By now I’m sure you’ve heard tons of feedback about this movie. Some I think are encouraging and some just gets lost in the sandwich of good-bad-good conditions. So I’m here, after a week of release, to try to make it as simple as I can.
Avatar, for the very many fans like me, is an extravagant, bold and audacious movie that will annoy some, startle others and demonstrate once again that James Cameron is the real thing – or the king of the world, whichever you prefer. Cameron if anything is a visionary director of quixotic delights. For starters, he had to shelf Avatar because the technology to make it still does not exist a decade ago. He had to wait for the Lord of the Rings trilogy to get his queue that he can start the machine. Two, he won’t give specifics on how much was spent because, well, it’s a little too much. There was an obvious wild abandon during production and he sort of just kept creating it from the ground up without any particulars on what his dollar limit is.
Of course nothing in this movie is feasible (yet), save its entertainment. It is teeming with tactile pleasure that somehow resist categorization. The actors don’t chew the scenery, but they thrash it. Each has a broad caricature of their unmistakable nod to whatever stereotype they are playing and somehow it still doesn’t go close to mushy. The iconographic exaggeration sells well given that it will allow the audience to grow into it.
Cameron’s fired up imagination won’t allow anyone to give an immediate opinion about it. I mean, okay this is a story about a distant planet, and then what? This isn’t Star Wars, it most definitely isn’t Predator and even if characters are covered in blue, this definitely isn’t Smurf. Until you get to the movies, wear your 3D glasses and sit the 2 hours and 45 minutes runtime, the punch will not come. And the moment your understanding comes to terms with Cameron’s vision, he will still do it his way. Perhaps that’s the reason why we’re getting mixed signals about how well this film delivered. Conceivably new age, we can’t expect viewers to have an immediate heightened understanding to it. With that I think we can wait.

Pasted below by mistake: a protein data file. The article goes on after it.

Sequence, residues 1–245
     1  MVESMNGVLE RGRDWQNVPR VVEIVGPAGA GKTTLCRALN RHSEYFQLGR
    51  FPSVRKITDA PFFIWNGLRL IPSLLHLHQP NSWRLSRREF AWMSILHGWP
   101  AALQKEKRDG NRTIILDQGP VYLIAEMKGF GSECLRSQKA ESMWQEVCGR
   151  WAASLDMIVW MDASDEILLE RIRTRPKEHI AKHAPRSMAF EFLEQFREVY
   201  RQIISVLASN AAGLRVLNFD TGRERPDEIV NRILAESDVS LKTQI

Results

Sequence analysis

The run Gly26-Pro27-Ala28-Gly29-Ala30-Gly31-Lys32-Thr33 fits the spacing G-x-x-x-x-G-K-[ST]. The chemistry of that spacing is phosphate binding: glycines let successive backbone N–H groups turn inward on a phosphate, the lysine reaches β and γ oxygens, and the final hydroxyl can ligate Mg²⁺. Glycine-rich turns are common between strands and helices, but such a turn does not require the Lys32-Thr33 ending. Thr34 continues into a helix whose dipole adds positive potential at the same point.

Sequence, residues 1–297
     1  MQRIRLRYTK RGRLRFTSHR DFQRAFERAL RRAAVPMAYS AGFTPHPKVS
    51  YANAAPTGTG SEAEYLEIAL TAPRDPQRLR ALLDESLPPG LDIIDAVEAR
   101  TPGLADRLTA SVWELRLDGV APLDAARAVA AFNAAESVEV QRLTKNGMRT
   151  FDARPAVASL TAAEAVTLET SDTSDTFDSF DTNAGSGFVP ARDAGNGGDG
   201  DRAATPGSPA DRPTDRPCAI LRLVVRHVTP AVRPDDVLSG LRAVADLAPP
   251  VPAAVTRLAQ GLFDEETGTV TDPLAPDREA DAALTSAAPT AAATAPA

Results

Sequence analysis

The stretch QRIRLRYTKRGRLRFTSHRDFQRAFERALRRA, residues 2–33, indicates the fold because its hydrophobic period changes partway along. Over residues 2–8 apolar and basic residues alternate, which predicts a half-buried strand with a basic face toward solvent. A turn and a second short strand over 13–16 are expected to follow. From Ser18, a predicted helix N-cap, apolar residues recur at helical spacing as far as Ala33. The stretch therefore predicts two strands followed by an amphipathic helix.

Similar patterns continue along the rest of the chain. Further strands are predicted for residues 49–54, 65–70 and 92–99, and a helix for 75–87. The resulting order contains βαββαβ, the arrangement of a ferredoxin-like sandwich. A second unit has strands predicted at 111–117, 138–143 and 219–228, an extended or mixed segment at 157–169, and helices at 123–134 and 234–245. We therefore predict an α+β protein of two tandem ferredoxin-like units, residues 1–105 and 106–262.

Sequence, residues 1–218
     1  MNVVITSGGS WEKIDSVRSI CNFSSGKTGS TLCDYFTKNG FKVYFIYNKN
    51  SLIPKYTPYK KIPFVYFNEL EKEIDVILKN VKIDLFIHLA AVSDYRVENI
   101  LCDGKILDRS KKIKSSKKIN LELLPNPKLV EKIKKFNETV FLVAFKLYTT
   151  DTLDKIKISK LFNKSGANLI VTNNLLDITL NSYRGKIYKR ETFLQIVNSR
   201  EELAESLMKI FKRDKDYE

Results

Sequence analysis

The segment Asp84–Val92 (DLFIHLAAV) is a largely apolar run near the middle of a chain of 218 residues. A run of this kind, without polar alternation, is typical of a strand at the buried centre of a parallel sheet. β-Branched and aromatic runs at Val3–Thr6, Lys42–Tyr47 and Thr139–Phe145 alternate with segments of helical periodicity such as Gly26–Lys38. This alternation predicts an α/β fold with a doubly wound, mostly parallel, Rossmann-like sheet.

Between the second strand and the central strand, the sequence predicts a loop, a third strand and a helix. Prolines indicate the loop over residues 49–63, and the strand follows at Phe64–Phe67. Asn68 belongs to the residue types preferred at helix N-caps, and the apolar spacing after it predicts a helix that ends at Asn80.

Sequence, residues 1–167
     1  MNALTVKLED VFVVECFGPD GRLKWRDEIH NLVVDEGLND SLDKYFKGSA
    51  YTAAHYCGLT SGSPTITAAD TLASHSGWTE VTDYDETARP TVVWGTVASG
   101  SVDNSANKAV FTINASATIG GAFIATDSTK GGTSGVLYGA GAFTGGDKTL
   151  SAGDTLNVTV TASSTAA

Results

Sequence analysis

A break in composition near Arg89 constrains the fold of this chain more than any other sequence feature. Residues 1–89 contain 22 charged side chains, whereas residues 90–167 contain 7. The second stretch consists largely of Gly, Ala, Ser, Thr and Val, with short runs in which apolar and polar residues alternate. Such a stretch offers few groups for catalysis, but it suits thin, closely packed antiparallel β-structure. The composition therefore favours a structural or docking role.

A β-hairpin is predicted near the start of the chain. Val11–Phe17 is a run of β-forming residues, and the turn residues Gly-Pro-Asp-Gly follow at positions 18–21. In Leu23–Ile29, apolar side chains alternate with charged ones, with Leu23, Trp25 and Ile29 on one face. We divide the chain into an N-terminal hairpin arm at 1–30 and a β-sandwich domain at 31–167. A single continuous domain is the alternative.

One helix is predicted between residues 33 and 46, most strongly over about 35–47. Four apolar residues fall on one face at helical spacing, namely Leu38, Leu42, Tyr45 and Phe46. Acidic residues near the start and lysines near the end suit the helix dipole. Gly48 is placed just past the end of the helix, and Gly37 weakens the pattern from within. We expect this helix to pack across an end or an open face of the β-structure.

What we can expect is that Avatar will give its heart completely to the narrative; its hair-trigger suspense tied to something as slight and decisive as a tongue click is magnetic. It’s safe to say that whatever preconceived notion you have for this film is easily thrown away given that the journey is both new and exciting.
Cameron’s Avatar is unashamed but it will still serve its purpose. Expect an extravagant Hollywood treat and a little reminder of what’s most important when you step out of the theatre.
I love this film.